‘Shenzhen speed’ is often used to describe how the southern Chinese city gets things done at a rapid rate. Rival cities don’t think Shenzhen is doing anything particularly special. The country’s capital Beijing is taking pride in how it delivers on new projects at pace too – in this latest instance in the launch of mainland China’s third major stock exchange at an accelerated rate.
In early September Chinese President Xi Jinping gave the green light for the setting up of the Beijing Stock Exchange (BSE). Based on the lead-time for the launch of the STAR Market (Shanghai’s tech bourse), the China Securities Journal was predicting a debut for Beijing’s new board in April next year. But with a speed that has surprised most, trading on the BSE got underway this week – just 75 days after its go-ahead announcement.
The opening bell was struck on Monday for the trading debuts of 81 firms, including 10 new listings and 71 companies that have migrated from the NEEQ, an over-the-counter bourse set up in the Chinese capital in early 2013.
Chinese investors have a special taste for new shares and the phenomenon repeated itself on BSE’s opening day, where the 10 new stocks all triggered temporary trading halts during the first session, averaging gains of nearly 200% (the BSE doesn’t limit changes in price for newly-listed companies on the first trading day, but trading is suspended for 10 minutes when stock prices fluctuate more than 30%).
Tongxin Transmission, an automotive steering shaft manufacturer, topped the new group by closing nearly 500% higher than its IPO price, while turnover at the new bourse reached Rmb9.6 billion ($1.5 billion). The 81 firms were worth a total of Rmb289 billion as of Thursday.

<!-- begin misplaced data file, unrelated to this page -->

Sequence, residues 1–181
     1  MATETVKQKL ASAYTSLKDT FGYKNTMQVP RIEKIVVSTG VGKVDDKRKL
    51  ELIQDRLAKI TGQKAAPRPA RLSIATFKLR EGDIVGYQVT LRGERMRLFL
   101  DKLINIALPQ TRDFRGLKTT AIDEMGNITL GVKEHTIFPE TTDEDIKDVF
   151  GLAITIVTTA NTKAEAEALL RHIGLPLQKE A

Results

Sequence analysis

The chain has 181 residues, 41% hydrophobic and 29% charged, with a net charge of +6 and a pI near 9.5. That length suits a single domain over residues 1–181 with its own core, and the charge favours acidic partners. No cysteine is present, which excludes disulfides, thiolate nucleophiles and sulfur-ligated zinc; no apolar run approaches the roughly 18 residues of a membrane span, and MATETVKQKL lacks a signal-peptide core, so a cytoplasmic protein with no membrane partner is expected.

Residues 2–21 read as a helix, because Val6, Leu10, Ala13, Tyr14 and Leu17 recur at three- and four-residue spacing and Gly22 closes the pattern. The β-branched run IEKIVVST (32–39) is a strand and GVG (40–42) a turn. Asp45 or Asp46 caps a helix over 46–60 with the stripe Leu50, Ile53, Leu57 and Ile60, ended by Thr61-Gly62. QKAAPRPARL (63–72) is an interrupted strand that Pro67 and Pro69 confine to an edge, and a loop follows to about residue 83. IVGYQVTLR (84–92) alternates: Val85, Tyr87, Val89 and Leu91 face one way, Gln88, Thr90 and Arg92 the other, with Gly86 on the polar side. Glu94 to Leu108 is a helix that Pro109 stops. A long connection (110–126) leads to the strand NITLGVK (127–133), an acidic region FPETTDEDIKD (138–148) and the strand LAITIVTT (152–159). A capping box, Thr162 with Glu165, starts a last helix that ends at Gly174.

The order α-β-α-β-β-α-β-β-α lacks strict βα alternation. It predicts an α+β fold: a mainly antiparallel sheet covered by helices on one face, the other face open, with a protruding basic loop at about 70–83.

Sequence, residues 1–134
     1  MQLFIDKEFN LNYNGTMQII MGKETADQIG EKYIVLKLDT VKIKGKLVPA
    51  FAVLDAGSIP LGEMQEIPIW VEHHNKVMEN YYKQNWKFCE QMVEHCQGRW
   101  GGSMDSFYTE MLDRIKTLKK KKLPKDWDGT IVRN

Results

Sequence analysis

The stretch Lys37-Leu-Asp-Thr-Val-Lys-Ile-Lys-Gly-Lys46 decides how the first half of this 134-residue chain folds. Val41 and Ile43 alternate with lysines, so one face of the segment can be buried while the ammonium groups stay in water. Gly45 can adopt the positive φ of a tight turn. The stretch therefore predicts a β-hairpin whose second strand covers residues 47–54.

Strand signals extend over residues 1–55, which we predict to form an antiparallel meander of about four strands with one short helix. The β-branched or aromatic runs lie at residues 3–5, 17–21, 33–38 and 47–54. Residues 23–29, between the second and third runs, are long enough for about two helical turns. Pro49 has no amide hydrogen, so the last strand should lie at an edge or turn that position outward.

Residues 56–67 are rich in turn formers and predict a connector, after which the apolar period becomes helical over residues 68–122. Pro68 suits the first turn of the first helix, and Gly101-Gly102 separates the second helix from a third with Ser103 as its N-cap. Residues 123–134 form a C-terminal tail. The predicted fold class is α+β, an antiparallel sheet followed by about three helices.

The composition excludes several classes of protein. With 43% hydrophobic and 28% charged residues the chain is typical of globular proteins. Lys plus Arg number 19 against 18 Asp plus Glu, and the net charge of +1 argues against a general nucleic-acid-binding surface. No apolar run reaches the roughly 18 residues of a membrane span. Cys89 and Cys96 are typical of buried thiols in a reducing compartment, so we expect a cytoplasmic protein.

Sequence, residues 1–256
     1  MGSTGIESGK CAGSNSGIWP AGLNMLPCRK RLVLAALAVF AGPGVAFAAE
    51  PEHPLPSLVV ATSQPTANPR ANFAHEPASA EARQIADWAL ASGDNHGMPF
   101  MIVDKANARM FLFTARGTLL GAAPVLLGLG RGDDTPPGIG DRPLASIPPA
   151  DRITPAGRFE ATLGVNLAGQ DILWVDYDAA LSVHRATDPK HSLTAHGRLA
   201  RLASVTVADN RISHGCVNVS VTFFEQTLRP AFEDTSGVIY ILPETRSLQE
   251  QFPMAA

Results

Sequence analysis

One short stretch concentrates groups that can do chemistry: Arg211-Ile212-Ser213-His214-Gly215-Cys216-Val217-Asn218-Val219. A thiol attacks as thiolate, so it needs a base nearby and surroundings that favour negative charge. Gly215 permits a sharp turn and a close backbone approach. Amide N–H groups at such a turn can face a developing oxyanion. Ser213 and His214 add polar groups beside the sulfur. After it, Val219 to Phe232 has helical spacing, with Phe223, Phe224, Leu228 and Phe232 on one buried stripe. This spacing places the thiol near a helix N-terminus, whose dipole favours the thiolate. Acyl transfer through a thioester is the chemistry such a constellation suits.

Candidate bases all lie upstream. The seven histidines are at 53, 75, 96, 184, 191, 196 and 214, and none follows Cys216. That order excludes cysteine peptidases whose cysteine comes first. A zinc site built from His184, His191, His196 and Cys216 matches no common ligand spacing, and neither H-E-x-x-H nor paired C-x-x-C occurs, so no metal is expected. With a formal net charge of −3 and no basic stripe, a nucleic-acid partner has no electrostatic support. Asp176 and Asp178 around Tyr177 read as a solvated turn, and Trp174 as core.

About 100 shares are expected to trade on the BSE by the end of 2021, China Securities Journal reports, with many of the best of the country’s small and medium enterprises (SMEs) hoping to reach the public market.
The BSE’s launch marked another landmark in the country’s capital market reforms, Yi Huiman, chairman of the China Securities Regulatory Commission, said during the opening ceremony, hailing the new bourse as a major push to improve fundraising opportunities for SMEs and as a bid to support the economy’s tech-driven upgrade.
“Rebalancing” is another of the buzzwords in the BSE’s public relations manual. Apart from providing new fundraising channels for SMEs – which often complain of being denied access to more conventional bank loans – the new bourse has been tasked with widening the availability of the country’s investment capital, which tends to cluster around Shanghai and Shenzhen (see WiC555).
Some even the new bourse as part of the attempts to erode the influence of China’s tech giants and private equity houses, which have been taking flak for controlling too much of the funding of many of the country’s most promising new businesses (and reaping the profits from a spectacular herd of domestic unicorns in recent years).
According to Jiemian, a news portal, the performance of Beijing’s predecessor NEEQ board was lacklustre for years, partly because so much capital was being diverted to opportunities in the burgeoning internet ‘platform’ sector. With platform firms now getting the cold shoulder from regulators, the creation of the BSE is part of efforts to “rebalance” capital flows to smaller firms in the real economy, especially companies seen as the backbone of sectors like manufacturing.
Investors in Beijing’s new bourse have been looking at the history of the STAR Market for how things might turn out. Shanghai’s first batch of STAR listings has largely lived up to the hype. A total of 25 firms went public during STAR’s first trading day. As of Thursday, 23 of them are still trading well above their IPO prices.
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